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'Don't ask, don't tell' repeal signed by Obama

'We are not a nation that says "don't ask, don't tell." ... We are a nation that welcomes the service of every patriot,' Obama says in a ceremony before a large crowd at the Interior Department. The policy prohibiting openly gay soldiers from serving, however, remains in effect until the military certifies that it is ready to comply with the new directive.

December 22, 2010|By Peter Nicholas, Washington Bureau
  • President Obama signs legislation that repeals "don't ask, don't tell," which barred gays from serving openly in the military. From left are: Joint Chiefs Chairman Adm. Mike Mullen, former Navy Cmdr. Zoe Dunning, Marine Staff Sgt. Eric Alva, Deputy Defense Secretary William Lynn, and House Speaker Nancy Pelosi.
President Obama signs legislation that repeals "don't ask,… (Associated Press )

Reporting from Washington -- President Obama on Wednesday signed a bill doing away with the ban on gays serving openly in the military, a milestone he said redeems the sacrifice of gay men and women who fought in every war beginning with the 18th century battle for independence.

Using 15 ceremonial pens, Obama repealed the "don't ask, don't tell'' act, beginning the transition to an armed forces in which gay soldiers no longer need to conceal their sexual orientation in order to serve.

Obama cast the issue as part of a string of civil rights struggles that beat back discrimination in favor of a more tolerant, unified nation.

Speaking to a crowd of approximately 500 military leaders, members of Congress, gay rights advocates and service men and women, Obama said, "We are not a nation that says 'don't ask, don't tell.' We are a nation that says out of many, we are one. We are a nation that welcomes the service of every patriot. We are a nation that believes all men and women are created equal.''

It was an emotional scene in the Department of Interior, where the bill-signing took place to accommodate an unusually large crowd. As Obama appeared on stage, the crowd chanted, "Yes we can!'' -- a slogan from Obama's successful 2008 presidential race.

A smiling president said, "Thank you. Yes, we did!''

He told a story about how in a recent visit to Afghanistan, he shook hands with a female soldier who pulled him close and whispered to him that he needs to repeal "don't ask, don't tell.''

"And I said to her, 'I promise you, I will,' '' the president recalled.

For Obama, repeal is the fulfillment of a major campaign promise and a message to his liberal base that he will fight to uphold core principles. Over the past two years, some of Obama's liberal supporters were angered by compromises he made in passing a healthcare overhaul and a tax package that extended Bush-era tax cuts for the wealthiest Americans.

Yet Obama is now building a record that, in some respects, surpasses that of the last Democratic president, Bill Clinton. Clinton tried and failed to overhaul the healthcare system. And he was unable to push through a policy allowing gays to serve openly. Thousands of people were forced out of the armed forces under the "don't ask, don't tell'' act passed during Clinton's first term in office.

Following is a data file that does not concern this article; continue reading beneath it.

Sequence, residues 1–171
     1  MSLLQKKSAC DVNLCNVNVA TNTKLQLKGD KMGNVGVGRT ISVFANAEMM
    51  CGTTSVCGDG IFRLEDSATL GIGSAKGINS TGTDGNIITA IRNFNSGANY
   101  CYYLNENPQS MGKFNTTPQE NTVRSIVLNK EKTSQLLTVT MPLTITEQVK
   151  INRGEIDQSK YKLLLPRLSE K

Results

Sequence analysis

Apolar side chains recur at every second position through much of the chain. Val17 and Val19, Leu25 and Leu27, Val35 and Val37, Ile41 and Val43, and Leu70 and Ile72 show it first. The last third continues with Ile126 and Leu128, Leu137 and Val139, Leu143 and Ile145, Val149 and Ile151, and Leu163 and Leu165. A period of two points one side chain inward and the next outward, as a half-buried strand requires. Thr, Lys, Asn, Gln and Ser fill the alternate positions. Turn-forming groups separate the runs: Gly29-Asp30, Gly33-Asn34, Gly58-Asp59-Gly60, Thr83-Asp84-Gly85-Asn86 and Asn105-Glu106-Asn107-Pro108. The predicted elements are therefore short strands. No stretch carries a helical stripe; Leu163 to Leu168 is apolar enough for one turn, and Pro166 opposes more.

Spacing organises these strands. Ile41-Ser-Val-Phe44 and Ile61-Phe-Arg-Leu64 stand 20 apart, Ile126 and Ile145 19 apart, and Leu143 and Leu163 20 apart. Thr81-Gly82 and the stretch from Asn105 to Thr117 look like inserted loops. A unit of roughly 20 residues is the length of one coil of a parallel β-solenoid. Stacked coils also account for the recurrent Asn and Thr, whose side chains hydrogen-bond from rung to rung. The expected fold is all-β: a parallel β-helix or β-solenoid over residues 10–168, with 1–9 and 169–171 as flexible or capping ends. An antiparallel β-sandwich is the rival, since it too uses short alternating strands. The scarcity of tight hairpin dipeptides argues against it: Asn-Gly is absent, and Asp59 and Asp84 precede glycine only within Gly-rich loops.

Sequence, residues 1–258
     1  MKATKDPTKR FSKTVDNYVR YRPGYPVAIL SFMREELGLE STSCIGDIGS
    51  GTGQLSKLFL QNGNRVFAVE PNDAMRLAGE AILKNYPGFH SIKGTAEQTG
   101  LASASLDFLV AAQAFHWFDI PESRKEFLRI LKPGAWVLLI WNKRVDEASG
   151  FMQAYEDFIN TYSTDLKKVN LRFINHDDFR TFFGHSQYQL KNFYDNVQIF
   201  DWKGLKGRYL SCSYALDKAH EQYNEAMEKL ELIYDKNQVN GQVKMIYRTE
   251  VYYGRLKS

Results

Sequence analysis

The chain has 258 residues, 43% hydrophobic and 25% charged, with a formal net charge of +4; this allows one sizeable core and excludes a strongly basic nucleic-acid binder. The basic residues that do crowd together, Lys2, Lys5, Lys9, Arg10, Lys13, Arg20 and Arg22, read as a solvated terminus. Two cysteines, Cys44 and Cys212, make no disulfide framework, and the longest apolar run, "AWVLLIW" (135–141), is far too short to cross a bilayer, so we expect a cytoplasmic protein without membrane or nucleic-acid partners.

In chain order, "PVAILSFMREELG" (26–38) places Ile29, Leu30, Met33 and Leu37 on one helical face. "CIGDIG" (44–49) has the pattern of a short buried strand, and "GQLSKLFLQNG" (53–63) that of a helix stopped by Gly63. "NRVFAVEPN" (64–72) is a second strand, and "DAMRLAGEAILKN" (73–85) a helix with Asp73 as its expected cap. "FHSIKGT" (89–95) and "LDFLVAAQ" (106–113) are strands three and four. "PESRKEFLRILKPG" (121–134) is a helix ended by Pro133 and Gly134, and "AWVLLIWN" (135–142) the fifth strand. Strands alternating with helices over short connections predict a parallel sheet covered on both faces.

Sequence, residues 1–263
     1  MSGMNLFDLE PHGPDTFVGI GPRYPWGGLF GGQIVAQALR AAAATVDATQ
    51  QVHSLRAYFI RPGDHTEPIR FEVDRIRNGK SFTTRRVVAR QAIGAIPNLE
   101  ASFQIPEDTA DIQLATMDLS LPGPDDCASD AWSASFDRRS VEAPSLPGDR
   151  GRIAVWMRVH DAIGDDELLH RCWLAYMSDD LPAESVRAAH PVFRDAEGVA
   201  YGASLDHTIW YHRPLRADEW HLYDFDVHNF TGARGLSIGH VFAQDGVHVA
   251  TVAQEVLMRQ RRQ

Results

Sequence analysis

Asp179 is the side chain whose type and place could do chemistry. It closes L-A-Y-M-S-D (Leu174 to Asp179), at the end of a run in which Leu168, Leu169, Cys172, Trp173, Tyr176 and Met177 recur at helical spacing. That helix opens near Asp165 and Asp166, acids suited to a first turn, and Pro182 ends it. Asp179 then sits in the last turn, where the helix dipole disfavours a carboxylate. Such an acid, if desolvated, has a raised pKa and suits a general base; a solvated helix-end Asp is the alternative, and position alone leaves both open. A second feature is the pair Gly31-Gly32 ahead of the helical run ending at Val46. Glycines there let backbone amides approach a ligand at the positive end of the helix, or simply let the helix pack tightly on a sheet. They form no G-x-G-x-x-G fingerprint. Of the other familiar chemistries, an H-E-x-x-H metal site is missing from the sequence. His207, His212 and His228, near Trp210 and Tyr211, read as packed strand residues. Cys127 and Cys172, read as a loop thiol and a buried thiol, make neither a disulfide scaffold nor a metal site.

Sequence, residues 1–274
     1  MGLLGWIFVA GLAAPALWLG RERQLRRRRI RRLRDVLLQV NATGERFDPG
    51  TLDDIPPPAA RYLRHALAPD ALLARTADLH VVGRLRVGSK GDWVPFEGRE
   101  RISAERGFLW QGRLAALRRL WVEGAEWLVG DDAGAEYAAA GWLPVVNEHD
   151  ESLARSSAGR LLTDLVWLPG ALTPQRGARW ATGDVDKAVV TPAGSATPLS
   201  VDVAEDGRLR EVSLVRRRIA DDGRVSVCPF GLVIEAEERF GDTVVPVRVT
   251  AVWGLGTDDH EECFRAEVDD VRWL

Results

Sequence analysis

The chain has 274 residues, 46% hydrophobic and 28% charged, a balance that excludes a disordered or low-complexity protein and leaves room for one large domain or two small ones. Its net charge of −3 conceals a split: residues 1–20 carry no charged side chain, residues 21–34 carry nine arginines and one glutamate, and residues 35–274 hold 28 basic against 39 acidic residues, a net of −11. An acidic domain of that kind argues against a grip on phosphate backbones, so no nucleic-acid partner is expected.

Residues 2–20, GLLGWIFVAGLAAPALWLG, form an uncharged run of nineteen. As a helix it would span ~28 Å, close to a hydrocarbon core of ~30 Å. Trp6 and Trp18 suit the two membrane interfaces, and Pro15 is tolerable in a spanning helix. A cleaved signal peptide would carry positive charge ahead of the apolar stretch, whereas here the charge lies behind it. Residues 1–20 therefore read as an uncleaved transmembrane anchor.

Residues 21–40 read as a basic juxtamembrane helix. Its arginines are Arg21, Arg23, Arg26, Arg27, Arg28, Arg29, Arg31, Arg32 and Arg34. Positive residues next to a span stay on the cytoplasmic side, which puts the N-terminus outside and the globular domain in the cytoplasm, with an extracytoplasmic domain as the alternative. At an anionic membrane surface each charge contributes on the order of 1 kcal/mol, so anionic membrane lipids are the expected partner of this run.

Repeal became a focal point of the lame-duck congressional session, but the outcome wasn't clear until the Senate voted 65-31 on Saturday to lift the ban.

Though an important achievement for Obama, White House aides believe his political viability still hinges on the economy. Obama presides over an economy in which nearly one in 10 Americans is unemployed. If conditions don't improve, he remains vulnerable to a Republican challenge in the 2012 presidential election.

A jubilant crowd watched the historic bill-signing ceremony. Among the guests was Marine Staff Sgt. Eric Alva, who was the first American injured in the war in Iraq, according to the White House. In 2003, Alva lost a leg after stepping on a landmine. He received a Purple Heart and a medical discharge. Since then, Alva has been a vocal critic of "don't ask, don't tell.''

When Obama was introduced, someone in the audience showed, "Enlist us now!'' But the transition is likely to take months.

Implementing the new policy is an effort that involves multiple government agencies. Military officials have said they'll need to educate troops about the new law and come up with policies dealing with benefits for gay soldiers and their families. The current law remains in place until 60 days after Obama, Defense Secretary Robert Gates, and Admiral Mike Mullen, chairman of the Joint Chiefs of Staff, certify that the military is ready to comply with the new directive.

In a recent news briefing, White House Press Secretary Robert Gibbs said there are "a series of implementation and legal issues that lawyers in this building, as well as in the Department of Defense and the Department of Justice, are working through.''

Obama did not lay out a timetable on Wednesday. The president said, though, "We are not going to be dragging our feet.''

Speaking directly to gay soldiers, Obama told them they will be "role models'' and asked that they serve with "integrity.''

"And so as the first generation to serve openly in our armed forces, you will stand for all those who came before you and you will serve as role models to all who come after,'' Obama said.

pnicholas@tribune.com

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